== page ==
Posted on 23/09/2020
It's not a secret that Peruvian cuisine is considered to be one of the richest and most varied in the world. The variety of ingredients and influences of several civilizations, such as the Inca, the Spanish and the Chinese, have made this cuisine a favorite among foodies. Beyond Machu Picchu or the Nazca Lines, food has become a major attraction of the Andean country so let's take a tour of the most popular Peruvian dishes that have captivated the palates of millions!
This dish is without a doubt the most famous Peruvian culinary speciality in the world. It's usually served with corn, roasted corn, cassava, sweet potato, lettuce and green banana chips. The star of this delectable favorite is fish - which is either served raw, or in a marinade of lime juice and red onion. To put it simply, this fish ceviche is known as the sashimi of the Andean country. Although many South American countries, like Chile or Ecuador, prepare their own special ceviches, this particular dish's origins go back to the Inca empire and the recipe was modified after the arrival of the Spanish conquerors. The history of this ceviche is as deep as its flavors and is considered to be an integral part of the country's national heritage.
This creamy spiced chicken is another famed traditional dish in Peru. It consists of a cream or a yellow chili pepper with generous pieces of shredded chicken breast. The chicken is usually served with cooked potatoes, white rice and a sliced egg. According to food experts, this dish dates back to the pre-Columbian period and it was originally made with a close relative of the hen, called the hualpa. Nowadays, this speciality is considered to be a fusion of the Spanish and Quechua cuisines and its origins may come from a popular medieval European dish called "manjar blanco" - a creamy mixture of chicken, almonds, sugar and rice.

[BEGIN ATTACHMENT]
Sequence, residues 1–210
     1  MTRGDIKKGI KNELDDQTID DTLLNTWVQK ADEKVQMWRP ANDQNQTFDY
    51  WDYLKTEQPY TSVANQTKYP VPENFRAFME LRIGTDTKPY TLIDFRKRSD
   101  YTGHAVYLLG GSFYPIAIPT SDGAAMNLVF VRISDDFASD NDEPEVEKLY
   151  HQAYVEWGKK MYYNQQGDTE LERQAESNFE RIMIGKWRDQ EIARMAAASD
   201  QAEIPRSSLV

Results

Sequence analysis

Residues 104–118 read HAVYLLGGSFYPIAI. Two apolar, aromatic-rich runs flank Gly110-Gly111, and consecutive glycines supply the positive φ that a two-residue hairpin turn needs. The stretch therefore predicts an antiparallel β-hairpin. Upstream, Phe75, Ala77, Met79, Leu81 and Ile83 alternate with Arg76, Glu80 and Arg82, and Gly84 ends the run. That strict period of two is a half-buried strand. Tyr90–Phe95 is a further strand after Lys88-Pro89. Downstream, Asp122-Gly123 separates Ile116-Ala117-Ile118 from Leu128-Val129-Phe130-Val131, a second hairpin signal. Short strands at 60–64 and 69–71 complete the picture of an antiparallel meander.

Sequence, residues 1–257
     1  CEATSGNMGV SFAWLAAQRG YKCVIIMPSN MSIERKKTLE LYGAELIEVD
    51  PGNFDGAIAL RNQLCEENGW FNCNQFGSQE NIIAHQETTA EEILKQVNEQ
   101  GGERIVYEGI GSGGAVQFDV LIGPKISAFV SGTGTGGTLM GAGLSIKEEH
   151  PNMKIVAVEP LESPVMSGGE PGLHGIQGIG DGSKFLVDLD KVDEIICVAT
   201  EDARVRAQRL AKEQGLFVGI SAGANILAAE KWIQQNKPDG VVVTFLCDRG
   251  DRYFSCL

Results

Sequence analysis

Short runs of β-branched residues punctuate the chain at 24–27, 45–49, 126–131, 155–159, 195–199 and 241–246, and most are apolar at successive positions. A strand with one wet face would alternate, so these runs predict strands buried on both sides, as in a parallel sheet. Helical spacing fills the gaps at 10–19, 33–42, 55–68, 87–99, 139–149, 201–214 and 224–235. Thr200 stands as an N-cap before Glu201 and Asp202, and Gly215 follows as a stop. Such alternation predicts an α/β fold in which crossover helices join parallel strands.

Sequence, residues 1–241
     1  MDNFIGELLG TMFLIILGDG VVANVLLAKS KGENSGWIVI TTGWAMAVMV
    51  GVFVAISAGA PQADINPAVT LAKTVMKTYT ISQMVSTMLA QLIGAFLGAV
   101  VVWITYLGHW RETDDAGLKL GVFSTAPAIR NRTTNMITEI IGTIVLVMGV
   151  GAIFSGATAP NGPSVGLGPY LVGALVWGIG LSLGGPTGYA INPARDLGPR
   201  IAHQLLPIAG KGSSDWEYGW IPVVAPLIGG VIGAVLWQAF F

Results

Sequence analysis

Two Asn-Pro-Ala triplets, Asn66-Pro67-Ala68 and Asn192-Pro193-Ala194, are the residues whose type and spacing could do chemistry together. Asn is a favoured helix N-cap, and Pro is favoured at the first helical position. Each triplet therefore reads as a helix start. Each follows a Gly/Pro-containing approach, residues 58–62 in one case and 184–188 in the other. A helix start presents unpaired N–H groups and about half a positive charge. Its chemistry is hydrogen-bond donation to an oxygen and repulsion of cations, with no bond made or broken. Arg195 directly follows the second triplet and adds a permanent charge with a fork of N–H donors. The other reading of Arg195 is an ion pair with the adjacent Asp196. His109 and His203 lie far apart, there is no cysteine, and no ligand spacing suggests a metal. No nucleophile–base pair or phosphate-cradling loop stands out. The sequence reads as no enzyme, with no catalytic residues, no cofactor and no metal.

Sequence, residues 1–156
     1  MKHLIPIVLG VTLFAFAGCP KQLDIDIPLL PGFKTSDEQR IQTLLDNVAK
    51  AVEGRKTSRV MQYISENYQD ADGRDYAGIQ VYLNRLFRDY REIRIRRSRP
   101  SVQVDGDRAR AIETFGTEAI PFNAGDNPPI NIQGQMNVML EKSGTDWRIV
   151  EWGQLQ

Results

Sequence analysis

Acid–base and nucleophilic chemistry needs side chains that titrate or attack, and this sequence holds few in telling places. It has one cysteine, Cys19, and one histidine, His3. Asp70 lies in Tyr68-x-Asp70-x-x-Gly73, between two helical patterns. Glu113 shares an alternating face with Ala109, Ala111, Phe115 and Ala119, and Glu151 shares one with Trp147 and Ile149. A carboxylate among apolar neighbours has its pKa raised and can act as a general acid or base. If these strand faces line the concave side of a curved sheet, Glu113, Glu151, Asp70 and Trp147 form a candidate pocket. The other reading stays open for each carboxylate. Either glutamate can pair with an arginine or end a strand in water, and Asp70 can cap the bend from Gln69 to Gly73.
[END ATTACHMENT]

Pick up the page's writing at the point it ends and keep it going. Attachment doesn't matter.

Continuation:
Almost every cuisine has a sandwich that is to die for and this pork sandwich will blow you away. You can find this tasty treat in every corner of Peru and it's one of a kind. Pan con chicharron is a high-calorie sandwich made with pork, fried bacon strips, orange sweet potato and rocoto, which is a special kind of pepper. The fillings are topped with a salsa criolla that is made with red onions, salt, lemon juice, chili, coriander and oil. They use a French bread to put it all together. This sandwich is typically eaten for breakfast but don't worry, it sells like hotcakes throughout the day as well.
Here is another peruvian essential that you need to try - the Lomo saltado. Between the 19th and 20th century, Peru saw an influx of Chinese-Cantonese immigrants. Consequently, the Chinese and Peruvien creole cuisines began to mix and created a new type of cuisine known as the chifa. Lomo Saltado is a much loved chifa dish and is made with strips of beef that is sautéed in a wok with several vegetables. It comes with a side of rice and french fries. The name of this dish came from the technique of cooking in a wok. Now this dish is one of the most classic dishes of the Inca country and you can find it in almost all the Peruvian restaurants.
A meal in Peru would be incomplete without this savory starter. Causa rellena was created in the capital city of Lima but has spread all over Peru. It is made from potatoes, lemon juice, avocado, chili, lettuce, boiled eggs and black olives. The filling is varied and you can use tuna, chicken, seafood or white meats - they'll all go perfectly with the potato discs. These scrumptious layers are topped with a dollop of mayonnaise for presentation and there you go! It's a dish that thrives on simplicity without compromising on flavour.